Inputlog is a logging tool that logs all types of input modes: keyboard, mouse & speech recognition. Researchers make frequent use of keystroke logging tools to describe online writing or translation processes in detail. The Inputlog community counts more than a thousand researchers worldwide, and new research studies are reported every month (see Publications). The program enables researchers to precisely register and accurately reconstruct the writing processes of writers who compose texts at the computer.
Watch & meet Inputlog
Record This module logs (keyboard, mouse, and speech) data in Microsoft Word and other Windows-based programs together with a time stamp (ms). Moreover, in MS Word this module also logs character position, actual document length, and copy/paste/move actions. All online documents consulted or programs accessed are stored in a so called ‘focus’ event.
Preprocess As it is often necessary to refine logged data prior to analysis, this module allows you to process data from various perspectives: event based (keyboard, mouse, and speech), time based, or based on window changes (sources: MS Word, Internet, etc.). This module also allows you to integrate single or multiple log files from Inputlog or other observation tools (Morae, Dragon Naturally Speaking, Tobii eyetracking data).
Analyze This module is the heart of the program and features three process representations (general and linear logging file and the s-notation of the text) and five aggregated levels of analysis (summary, pause, revision, and source analyses). In addition, a process and fluency graph can be produced. For English and Dutch a linguistic process analysis is available.
Postprocess It is also possible to conveniently and accurately merge multiple analysis files from large scale data collections. These merged files can easily be exported to Excel, or to R or SPSS for further analysis.
Play This module allows researchers to play back the recorded session at various levels (time or revision based). The replay is data based (not video based), and the play speed is adjustable. A logged session can also be reconstructed revision by revision. Warning | As we know that the replay module is very error sensitive, we advise you to use an additional screencam like Ezvid, Camstudio or Camtasia, if your research relies on the replay function (e.g. prompted recall).
general analysis Basic log file analysis with the action content, the character position, the time stamp, the action time and the pausing time for every input event (letter, mouse click, voice input, program switch). For mouse operations the xy-value of the screen position is defined.
summary Analysis that consists of five main sections
- process information (e.g., number of words produced);
- product information (e.g., number of words in the final product);
- product/process information (e.g., ratio);
- process time;
- writing mode.
S-notation The S-notation describes writing as a decomposed linear process. A complete record of the writer’s revisions is shown in a text representation. Insertions, deletions and breaks are numbered according to the order of their occurrence in the writing process.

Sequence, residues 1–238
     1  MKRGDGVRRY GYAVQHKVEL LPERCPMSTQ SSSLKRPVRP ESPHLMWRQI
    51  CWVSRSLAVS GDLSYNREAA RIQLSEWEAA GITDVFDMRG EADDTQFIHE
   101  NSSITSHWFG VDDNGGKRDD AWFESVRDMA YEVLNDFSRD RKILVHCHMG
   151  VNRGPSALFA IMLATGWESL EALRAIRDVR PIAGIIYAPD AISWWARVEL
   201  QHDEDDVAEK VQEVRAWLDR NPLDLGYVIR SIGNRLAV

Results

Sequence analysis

linear analysis Analysis in which the evolving text is represented step by step, in chronoligical order (including pauses between events that exceed the given threshold).
bigram Analysis that complements the overall pause analysis by providing more detailed information on a lower level, viz. the bigram level. In the analysis we mainly focus on bigrams that represent a combination of two (undercast) letters, e.g., ‘ab’ or ‘th’.
pause Analysis that describes the pausing behavior from different perspectives:
- number and duration;
- location (e.g., within and between words);
- variation per interval or period.
process graph Graph representing the text production, text movements, product status and source interaction at every moment during the evolving composing process.
fluency and graph Graph representing the text production, text movements, product status and source interaction at every moment during the evolving composing process.
source and graph Analysis and network graph presneting the source use and source interaction.
revision Analysis in which all document changes (insertions and deletions) are identified and summarized.
word pause Analysis that allows the researcher to seelctively retrieve pauses at word level, based on a list of predefined words.
token Analysis providing the orthographical process of specific words based on a predefined list of words. .
linguistic analysis Analysis providing a linguistic process analysis (e.g., part of speech analysis and related pausing behavior). Only for Dutch and English.
copy task analysis Analysis that provides a series of measures about the participants’ typing skills based on the (default) copy task. Available in ten languages.
report function [upon request] This (extra) function creates a personalized process report combining variables from different analyses and graphs. Designed to provide process feedback in educational settings.
If you publish or present a paper in which Inputlog has been used, please refer to the following article:
Leijten, M., & Van Waes, L. (2013). Keystroke Logging in Writing Research: Using Inputlog to Analyze Writing Processes. Written Communication 30(3), 358-392